Zoe Haggard '21
Since taking an introductory astronomy class in high school, I became interested in astrophysics and thought about majoring in college. On the other hand, my high school physics class didn’t resonate in the same way and felt almost boring at times. But, as I was hoping to major in astrophysics, I decided to register for introductory physics for majors in the fall of my first year. For the first time, physics seemed interesting to me; the class helped to outline and motivate the foundation of modern physics, such as quantum mechanics and special relativity. Before this class, I had never heard of these concepts before: I just though physics was classical problems of motion. In this way, this physics class excited me with what physics had to offer. Really, I’m majoring in physics now because I am interested in how physics can be applied to problems in astrophysics.
I think the last few years at Pomona and the Pomona Physics Department have given me the analytical skills necessary to approach a wide variety of problems and research. At Pomona, there are ample research opportunities, and professors are always looking for students to help. Although research is a daunting thing, I’ve found that my classes and the support of my professors helped me to gain the confidence to begin research at Pomona and at other institutions. During my second-year, for instance, I joined a student group working on Pomona’s adaptive optics setup, Kapao. While there were many ups and downs to this work and the learning curve was steep, with the help of my professor and my peers, we were able to work out frustrating kinks in the code and system. This research at Pomona, I think, prepared and gave me to confidence to work at MIT’s Haystack Observatory over the summer on a project concerning the Event Horizon Telescope (EHT). My project focused on developing a satellite-based EHT and optimizing an array.
Christina Dong ’22
I am currently a physics and dance double major on the regular physics track, and I knew I wanted to do this double major even when applying to Pomona! To be honest, I didn’t grow up dreaming to become a physicist or a scientist, but I became interested in physics’ potential to explain why and how the universe works the way it does. Physics can be really difficult, but I absolutely love the challenge and those “a-ha!” moments when I finally understand a concept. It really satisfies my love for learning.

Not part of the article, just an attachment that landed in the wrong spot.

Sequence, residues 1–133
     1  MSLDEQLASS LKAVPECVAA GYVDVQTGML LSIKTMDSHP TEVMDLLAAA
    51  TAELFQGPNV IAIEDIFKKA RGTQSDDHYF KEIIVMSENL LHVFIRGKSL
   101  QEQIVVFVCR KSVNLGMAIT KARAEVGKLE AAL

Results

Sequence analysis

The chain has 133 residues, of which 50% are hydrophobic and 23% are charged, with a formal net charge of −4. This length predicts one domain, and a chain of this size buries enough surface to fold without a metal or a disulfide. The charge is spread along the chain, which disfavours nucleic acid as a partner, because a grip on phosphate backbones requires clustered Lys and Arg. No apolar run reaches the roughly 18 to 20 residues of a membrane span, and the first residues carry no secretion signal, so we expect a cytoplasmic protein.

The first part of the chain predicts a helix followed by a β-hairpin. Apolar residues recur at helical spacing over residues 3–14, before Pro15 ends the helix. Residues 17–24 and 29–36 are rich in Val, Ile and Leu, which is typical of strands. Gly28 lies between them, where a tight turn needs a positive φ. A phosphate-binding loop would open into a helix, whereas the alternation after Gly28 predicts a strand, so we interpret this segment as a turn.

The Physics Department at Pomona is such a close-knit and collaborative environment and is a huge reason why I continue to be a physics major. During the zoom era, we try to connect with each other as much as possible through weekly social hours, movie nights, and game nights. I’ve been able to get to know my peers outside of academics, and we’re all really supportive of our interests outside of physics, like art or philosophy, as well. One other thing that I appreciate about our department is how much we work on making physics more inclusive. Through events like the Decolonizing STEM Symposium or courses that have community partnership components, such as Electronics, the physics curriculum at Pomona also emphasizes thinking about the current lack of diversity, equity and inclusion in physics. I have found this to be incredibly valuable to my physics education.
Last summer, I virtually participated in an NSF REU at Harvey Mudd College (HMC) with Professor Josh Brake at the Biophotonics Lab. With other REU and HMC students, we started a project to create a speckle imaging system that could image through scattering media. Speckle imaging is a type of computational imaging system, which images things without a lens and utilizes a computer to reconstruct an image of an object.
Rohan Lopez ’22
I chose to major in physics because there are a lot of really fun questions to explore, that often intersect with other disciplines. It’s given me a toolkit that has been useful in all areas of my life.
The physics major is really fun because of interesting topics that are covered often literally within the first week of introductory courses. I love having mentor groups to work on problems together—the collaborative approach to physics really makes it engaging. Within the department there are a lot of different resources to explore interests too.
Another physics major Jeremy Adams and I have been working on a toroidal air plasma project in the Estella basement for the past few years. Right before having to go home last semester, we determined the optimal configurations for vortex ring formation and maximum thrust for applications in small spacecraft propulsion. When we return to campus, we hope to explore plasma in a spindle cusp magnetic field.
The Physics Department gets better and better every year, and even if you don’t want to major but are interested in learning some cool topics, definitely take a class!